All work and no play makes Jack a dull boy

August 20, 1999

Liberal education may be out of favour with David Blunkett, but Alan Ryan says it is our defence against mob rule.

Amid this week's talk of A-level grades and university entrance demands, one sort of education has been notably absent - the liberal kind.

Discussion of the purpose of liberal education is bedevilled by three things. The first is Cardinal Newman's declaration in The Idea of a University that its purpose is to create a "gentleman". The second is the culture wars that raged in the United States in the late 1980s and early 1990s, when conservatives wrapped themselves in Matthew Arnold's concern for "the best that has been thought and said in the world", and their opponents became obsessed with destroying "the canon". And the third is the dreary utilitarianism that drives David Blunkett and Baroness Blackstone.

This is expressed in a hostility to "liberal elitism", but it comes across as the pedagogy of Mr Gradgrind.

It seems clear that we ought to care a lot about vocational education without minding any less about liberal education. It would certainly be mad not to mind about vocationally oriented education in a world where semi-skilled jobs are rapidly disappearing and everyone needs plenty of new skills and the ability to pick up others throughout life.

Literacy and numeracy are the basis of this but how far vocational skills need to be inculcated in tertiary institutions as well as secondary schools is an empirical matter. So is the contribution of skills inculcated by a decent liberal education. The ability to listen carefully, to read critically, to write accurately and persuasively and to analyse exactly are just what a decent liberal education offers - and pretty useful transferable skills they are too. The only issue to consider is snobbishness. One thing we must not say is that there cannot be degrees in catering or leisure studies.

Still, there are other values in life than utilitarian ones. What liberal education does is to offer its beneficiaries the chance to take an interest in everything that humanity has cared about over the past several millennia.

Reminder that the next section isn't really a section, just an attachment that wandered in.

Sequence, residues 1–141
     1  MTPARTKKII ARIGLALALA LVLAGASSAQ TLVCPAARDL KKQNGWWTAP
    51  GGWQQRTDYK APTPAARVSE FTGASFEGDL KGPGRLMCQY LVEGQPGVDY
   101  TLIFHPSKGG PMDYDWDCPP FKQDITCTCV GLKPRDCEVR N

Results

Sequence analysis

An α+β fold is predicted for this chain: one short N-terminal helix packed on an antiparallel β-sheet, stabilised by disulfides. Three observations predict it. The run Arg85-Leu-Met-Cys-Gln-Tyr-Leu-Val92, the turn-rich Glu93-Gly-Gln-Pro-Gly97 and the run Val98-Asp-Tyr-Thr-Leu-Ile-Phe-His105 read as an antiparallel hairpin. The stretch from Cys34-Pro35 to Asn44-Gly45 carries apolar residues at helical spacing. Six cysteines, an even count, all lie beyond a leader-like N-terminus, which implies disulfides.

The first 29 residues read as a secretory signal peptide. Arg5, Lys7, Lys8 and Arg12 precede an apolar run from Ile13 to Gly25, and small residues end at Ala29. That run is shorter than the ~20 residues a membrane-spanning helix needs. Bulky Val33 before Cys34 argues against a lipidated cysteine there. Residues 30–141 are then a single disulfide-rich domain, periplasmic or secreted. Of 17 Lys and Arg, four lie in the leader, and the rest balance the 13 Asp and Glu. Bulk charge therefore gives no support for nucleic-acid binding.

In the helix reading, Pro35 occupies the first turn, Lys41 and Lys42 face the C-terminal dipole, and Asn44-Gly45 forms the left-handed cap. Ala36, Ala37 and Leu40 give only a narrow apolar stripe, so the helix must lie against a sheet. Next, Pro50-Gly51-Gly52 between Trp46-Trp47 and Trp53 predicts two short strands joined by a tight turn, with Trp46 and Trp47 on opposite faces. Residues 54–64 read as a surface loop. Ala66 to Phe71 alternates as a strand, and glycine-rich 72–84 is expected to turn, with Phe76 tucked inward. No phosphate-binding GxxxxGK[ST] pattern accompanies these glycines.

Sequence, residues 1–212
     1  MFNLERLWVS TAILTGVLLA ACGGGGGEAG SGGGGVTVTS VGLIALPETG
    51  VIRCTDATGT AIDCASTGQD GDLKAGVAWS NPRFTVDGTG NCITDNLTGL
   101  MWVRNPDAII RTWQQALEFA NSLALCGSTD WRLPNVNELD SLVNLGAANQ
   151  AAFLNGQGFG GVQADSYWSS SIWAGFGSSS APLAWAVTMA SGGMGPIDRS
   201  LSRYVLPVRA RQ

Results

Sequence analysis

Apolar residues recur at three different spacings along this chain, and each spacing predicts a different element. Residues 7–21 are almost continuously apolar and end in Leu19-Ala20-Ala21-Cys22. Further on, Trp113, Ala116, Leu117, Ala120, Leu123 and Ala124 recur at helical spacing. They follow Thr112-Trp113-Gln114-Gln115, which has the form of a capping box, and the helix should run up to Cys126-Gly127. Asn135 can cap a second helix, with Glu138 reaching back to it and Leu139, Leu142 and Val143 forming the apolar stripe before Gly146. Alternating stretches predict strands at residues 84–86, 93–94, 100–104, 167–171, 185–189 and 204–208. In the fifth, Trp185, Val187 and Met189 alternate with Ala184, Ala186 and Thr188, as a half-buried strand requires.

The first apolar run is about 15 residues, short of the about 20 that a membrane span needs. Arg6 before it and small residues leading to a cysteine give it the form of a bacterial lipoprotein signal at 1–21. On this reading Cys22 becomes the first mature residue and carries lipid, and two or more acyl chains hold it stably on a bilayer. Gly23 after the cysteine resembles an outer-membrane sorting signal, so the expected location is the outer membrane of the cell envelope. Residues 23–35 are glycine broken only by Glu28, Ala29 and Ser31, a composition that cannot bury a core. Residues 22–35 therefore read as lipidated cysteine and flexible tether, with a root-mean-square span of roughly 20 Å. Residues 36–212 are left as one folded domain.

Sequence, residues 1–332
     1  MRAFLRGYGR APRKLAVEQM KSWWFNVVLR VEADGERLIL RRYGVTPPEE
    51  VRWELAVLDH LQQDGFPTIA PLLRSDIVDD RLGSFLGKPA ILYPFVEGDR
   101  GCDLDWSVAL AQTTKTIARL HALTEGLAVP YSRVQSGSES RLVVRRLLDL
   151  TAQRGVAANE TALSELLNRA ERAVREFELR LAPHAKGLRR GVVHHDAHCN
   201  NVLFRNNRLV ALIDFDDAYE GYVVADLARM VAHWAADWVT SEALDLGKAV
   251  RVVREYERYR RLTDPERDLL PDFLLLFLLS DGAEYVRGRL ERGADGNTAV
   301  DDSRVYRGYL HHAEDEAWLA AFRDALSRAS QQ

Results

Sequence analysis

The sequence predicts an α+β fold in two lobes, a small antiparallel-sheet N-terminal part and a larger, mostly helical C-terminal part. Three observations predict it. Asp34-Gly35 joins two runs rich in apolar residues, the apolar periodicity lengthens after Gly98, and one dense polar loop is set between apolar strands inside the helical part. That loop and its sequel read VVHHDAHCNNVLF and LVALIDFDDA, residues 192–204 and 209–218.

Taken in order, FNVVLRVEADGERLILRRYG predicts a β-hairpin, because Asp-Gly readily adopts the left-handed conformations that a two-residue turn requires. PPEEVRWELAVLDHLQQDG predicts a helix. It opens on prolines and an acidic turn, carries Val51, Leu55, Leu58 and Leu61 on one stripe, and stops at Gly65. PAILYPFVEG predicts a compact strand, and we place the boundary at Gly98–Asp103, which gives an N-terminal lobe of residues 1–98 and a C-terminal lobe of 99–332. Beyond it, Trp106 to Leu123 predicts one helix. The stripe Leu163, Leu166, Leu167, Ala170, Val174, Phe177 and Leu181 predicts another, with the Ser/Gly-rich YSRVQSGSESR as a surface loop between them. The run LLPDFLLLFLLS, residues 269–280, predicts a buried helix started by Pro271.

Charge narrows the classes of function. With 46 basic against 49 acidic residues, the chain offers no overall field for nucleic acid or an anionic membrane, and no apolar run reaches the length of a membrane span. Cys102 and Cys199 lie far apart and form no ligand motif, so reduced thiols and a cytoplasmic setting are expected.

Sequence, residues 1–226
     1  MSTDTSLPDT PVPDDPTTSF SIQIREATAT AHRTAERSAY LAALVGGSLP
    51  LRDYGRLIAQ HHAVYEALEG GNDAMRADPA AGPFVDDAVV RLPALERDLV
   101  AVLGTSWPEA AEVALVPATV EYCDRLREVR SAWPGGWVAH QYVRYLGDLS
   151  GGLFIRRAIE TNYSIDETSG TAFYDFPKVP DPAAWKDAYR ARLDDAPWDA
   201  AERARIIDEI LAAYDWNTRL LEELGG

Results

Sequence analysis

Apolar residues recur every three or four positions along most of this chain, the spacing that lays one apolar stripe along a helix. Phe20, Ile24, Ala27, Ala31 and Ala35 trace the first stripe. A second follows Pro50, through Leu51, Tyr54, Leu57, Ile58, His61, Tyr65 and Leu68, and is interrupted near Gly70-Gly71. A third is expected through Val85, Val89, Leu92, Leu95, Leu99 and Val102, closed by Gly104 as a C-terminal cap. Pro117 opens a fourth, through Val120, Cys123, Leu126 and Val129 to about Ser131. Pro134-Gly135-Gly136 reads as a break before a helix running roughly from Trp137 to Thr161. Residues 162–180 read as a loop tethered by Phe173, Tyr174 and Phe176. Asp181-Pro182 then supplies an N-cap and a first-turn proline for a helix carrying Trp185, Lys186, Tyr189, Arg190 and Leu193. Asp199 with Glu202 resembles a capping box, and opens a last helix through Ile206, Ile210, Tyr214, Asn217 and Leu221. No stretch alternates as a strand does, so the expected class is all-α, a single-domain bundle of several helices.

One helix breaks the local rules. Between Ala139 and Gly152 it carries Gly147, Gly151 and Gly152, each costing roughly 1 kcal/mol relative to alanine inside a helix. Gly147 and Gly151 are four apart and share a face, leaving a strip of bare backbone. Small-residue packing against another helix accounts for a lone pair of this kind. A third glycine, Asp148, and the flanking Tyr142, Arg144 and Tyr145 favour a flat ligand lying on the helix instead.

Conscious liberal education, as distinct from what you can pick up from clever and argumentative parents and siblings, matters for just that reason more to the worse off than to anyone else. As a working-class child in postwar Islington you could get it in a primary school that played you Benjamin Britten's Young Person's Guide to the Orchestra and took you to Kenwood and the National Gallery.

What liberal education does at university level is something more. If it works properly, it gives students a particular kind of intellectual freedom - more Spinoza than John Stuart Mill, but certainly some of both. Partly, it is a matter of being ready to let arguments, authors and scientific puzzles take you over without fearing that you will be lost for-ever.

Partly, it is a matter of being ready to ask questions of what you read and see, without dismissing other people's questions but without thinking that they define what is worth knowing either. But overall, it is a matter of being in charge of your own thoughts. It is something that only universities are licensed to help students do, but do not always do particularly well.

If this is threatened on one side by excessive vocationalism, it is threatened on the other by real elitism. This is the elitism of cutting-edge research. Educating the new generation of cutting-edge researchers is not exactly part of liberal education. It is more like running a training camp for academic athletes.

Conversely, while research sometimes benefits from the breadth of imagination that liberal education fosters, it more often benefits from sheer grinding effort, and the atmosphere of many successful labs - and editorial projects in arts subjects - can be notably authoritarian.

Why, in that case, is it worth arguing for liberal education, when the Department for Education and Employment wants universities to be modelled on glorified secondary modern schools and the research councils are funding enterprises that tend to distract from the 90 per cent of education that is not the training of future hot-shot researchers?

Two simple reasons. The first, that it is a pity if nobody enjoys the riches of human culture. The second, that democracy is always in danger of degenerating into bread and circuses plus mob rule. An intelligent and wide awake citizenry is about the only long-term defence against that danger. It is not liberal elitism, but liberal populism that is the political face of a concern for liberal education.

Alan Ryan is warden of New College, Oxford. His book Liberal Anxieties and Liberal Education is published in September by Profile.

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